The Canadian dollar has slid about 4% since the beginning of October on the back of the sell-off in crude oil – Canada’s biggest export earner. The currency’s weakness comes despite a mostly solid run of economic indicators out of Canada in recent months, which has allowed the Bank of Canada to pursue a monetary tightening path. Investors will, therefore, be watching Friday’s third-quarter GDP release, due at 13:30 GMT, for clues as to how soon the next BoC rate hike can be delivered.
Canada’s economy grew by an annualised 2.9% during the second quarter, picking up some steam after three straight quarters of below 2% growth. The strong growth rebound that accompanied the recovery in oil prices that began in 2016 appears to have moderated and GDP growth in the third quarter is expected to have eased again to an annualised rate of 2.0%. However, the BoC has signaled it will continue to raise interest rates as the economy is operating close to full capacity and sees the risks to inflation being to the upside.
The Bank of Canada’s next meeting is on December 5 and most market participants are not expecting any change to the overnight rate, currently at 1.75%. According to overnight index swaps, the next rate hike is not priced in until the March 2019 meeting. But the odds for an earlier move could start to rise if the GDP numbers come in above consensus forecasts and incoming data after that, particularly inflation, is on the strong side.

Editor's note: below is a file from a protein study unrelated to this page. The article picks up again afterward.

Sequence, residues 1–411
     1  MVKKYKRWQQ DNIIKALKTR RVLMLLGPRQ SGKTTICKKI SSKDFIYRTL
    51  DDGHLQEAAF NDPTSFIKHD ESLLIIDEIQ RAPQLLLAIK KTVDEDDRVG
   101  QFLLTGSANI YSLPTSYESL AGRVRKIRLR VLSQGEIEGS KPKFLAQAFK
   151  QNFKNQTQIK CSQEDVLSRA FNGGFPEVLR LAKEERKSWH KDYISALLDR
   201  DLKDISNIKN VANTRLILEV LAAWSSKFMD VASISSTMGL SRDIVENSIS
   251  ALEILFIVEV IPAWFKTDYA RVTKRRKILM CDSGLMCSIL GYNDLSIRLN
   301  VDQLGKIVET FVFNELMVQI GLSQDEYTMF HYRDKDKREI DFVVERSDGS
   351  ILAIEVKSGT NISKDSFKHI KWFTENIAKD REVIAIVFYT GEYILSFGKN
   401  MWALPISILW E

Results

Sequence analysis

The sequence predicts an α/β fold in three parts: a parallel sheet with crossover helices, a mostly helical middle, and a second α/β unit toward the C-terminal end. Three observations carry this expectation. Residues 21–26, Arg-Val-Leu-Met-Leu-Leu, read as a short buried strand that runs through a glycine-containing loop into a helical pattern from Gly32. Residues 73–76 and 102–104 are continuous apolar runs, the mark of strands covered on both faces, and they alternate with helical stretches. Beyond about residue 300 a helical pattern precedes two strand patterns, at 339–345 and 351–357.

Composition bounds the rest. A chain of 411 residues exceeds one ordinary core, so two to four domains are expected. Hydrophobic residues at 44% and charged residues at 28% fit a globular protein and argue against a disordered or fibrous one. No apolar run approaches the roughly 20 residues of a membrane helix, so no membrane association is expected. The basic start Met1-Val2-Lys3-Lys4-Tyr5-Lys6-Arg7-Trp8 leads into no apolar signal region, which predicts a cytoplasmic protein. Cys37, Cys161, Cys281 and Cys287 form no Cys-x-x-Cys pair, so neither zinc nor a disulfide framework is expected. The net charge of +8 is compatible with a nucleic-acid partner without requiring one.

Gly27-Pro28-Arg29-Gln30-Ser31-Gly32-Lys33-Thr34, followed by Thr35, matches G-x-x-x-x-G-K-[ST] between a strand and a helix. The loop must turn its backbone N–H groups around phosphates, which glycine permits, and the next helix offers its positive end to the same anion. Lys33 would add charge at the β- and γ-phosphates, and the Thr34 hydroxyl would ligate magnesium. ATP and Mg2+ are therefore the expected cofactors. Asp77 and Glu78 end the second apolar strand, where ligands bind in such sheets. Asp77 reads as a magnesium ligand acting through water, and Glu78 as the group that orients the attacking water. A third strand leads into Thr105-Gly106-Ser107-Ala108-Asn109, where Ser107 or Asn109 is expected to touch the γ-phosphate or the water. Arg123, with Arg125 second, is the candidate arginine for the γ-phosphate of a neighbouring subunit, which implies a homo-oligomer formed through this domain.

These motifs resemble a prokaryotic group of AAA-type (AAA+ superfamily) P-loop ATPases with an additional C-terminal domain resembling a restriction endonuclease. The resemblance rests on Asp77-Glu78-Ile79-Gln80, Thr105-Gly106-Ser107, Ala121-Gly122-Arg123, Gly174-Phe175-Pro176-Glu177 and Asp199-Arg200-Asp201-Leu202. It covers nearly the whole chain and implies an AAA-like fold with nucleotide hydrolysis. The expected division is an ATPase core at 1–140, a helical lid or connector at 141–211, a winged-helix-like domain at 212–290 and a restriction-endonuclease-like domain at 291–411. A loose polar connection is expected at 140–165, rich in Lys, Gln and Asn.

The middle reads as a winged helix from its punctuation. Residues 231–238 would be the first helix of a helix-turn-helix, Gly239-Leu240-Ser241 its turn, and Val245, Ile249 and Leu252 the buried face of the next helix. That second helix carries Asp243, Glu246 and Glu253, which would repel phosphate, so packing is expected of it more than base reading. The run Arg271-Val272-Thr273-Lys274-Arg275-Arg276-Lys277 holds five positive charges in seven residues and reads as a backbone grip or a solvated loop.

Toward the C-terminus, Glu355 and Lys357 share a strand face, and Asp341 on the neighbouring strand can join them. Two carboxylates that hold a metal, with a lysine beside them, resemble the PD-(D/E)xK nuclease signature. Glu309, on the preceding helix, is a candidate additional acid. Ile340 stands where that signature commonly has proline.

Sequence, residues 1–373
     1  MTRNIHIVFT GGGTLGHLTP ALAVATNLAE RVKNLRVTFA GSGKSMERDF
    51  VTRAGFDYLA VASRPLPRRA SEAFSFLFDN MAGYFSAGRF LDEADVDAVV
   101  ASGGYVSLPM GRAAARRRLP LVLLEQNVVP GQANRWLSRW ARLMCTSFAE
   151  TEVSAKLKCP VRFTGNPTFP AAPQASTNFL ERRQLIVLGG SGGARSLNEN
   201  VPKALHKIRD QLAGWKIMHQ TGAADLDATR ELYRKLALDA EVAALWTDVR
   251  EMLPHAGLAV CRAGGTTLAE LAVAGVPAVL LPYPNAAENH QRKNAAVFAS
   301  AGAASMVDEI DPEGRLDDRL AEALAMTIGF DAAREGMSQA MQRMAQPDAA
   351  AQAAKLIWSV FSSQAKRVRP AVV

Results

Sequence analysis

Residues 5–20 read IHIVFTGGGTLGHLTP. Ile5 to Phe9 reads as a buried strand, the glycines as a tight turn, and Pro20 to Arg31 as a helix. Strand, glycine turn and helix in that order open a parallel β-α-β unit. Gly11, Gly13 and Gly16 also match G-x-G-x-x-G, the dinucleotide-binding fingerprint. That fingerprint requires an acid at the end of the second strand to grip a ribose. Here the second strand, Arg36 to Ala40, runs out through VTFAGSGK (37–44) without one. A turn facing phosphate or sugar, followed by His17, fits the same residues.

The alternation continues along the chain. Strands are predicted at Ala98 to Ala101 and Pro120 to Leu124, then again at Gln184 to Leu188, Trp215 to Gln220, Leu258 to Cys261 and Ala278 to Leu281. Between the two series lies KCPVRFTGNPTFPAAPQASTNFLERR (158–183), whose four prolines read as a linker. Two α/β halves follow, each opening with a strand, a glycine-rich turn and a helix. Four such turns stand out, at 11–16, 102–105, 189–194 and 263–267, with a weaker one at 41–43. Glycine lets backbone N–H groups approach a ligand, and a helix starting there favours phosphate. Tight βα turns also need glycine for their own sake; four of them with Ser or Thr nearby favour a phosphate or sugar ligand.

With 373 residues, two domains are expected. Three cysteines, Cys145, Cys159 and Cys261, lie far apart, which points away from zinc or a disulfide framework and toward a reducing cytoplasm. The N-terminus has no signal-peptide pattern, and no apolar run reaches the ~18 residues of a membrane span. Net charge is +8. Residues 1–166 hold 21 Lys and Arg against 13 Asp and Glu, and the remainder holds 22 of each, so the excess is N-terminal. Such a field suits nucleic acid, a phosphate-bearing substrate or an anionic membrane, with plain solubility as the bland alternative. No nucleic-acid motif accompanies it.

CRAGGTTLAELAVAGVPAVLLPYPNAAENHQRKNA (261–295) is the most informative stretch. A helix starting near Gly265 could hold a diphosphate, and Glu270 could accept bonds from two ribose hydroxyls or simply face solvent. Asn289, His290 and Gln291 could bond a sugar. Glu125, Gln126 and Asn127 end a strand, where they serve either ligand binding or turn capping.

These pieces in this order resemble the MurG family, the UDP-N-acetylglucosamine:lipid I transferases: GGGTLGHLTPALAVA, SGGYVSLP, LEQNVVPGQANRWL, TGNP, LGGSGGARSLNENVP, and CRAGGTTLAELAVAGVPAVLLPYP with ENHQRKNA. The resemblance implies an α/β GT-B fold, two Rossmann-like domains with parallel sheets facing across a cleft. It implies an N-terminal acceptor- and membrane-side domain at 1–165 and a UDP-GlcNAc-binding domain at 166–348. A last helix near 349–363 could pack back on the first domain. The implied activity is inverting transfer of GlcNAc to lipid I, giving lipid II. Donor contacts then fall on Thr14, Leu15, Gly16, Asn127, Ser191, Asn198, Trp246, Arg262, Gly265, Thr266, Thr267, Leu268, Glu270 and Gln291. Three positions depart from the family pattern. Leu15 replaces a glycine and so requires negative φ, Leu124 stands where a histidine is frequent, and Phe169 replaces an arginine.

The loonie could enjoy a significant upside correction from rate hike expectations shifting forward as the Canadian currency had been looking a little oversold against the greenback after its recent losses. USD/CAD broke above the 1.33 level for the first time since June this week, hitting a 5-month peak. Stronger-than-expected GDP data could pull the pair below immediate support around 1.3255, which is the 78.6% Fibonacci retracement of the down-leg from 1.3385 to 1.2778. Below this level, the next major support could come from the 1.3150 region, which is near the 61.8% Fibonacci level, while further down, steeper declines could pause at the 50% Fibonacci at 1.3082.
However, if the GDP numbers point to lackluster growth, USD/CAD could be set for additional gains, which could potentially be exasperated if this was to coincide with a further sell-off in oil. USD/CAD would eye the July top of 1.3385 in the event of disappointing data. Above this high, the area around 1.3545 is likely to come into focus as this was a frequently tested level in the past. A break higher would bring the 1.36 handle into range, which acted as resistance back in December 2016.
With the Bank of Canada maintaining a hawkish bias at its last policy meeting in October, a surprise early rate hike in December or January cannot be ruled out, especially given that the central bank has a history of catching the markets off guard. One of the things the BoC will be paying attention to in the GDP report is the employee compensation component for any signs of wage pressures. Like in most other advanced economies, wage growth in Canada has been muted since the financial crisis. Any indication that wage pressures are building could prompt the BoC to hike rates before March.
However, possibly offsetting accelerating wage growth are projections of lower oil production, which could hurt economic growth in the fourth quarter. Pipeline bottlenecks have led Canadian producers to restrict output in recent months to alleviate the problem. But the capacity constraints aren’t likely to be resolved anytime soon, while the recent plunge in oil prices is only adding to local producers’ woes.
Depending on how inflationary pressures and oil production evolve in the coming months, BoC Governor, Stephen Poloz, will probably keep markets guessing as to the timing of the next rate hike.
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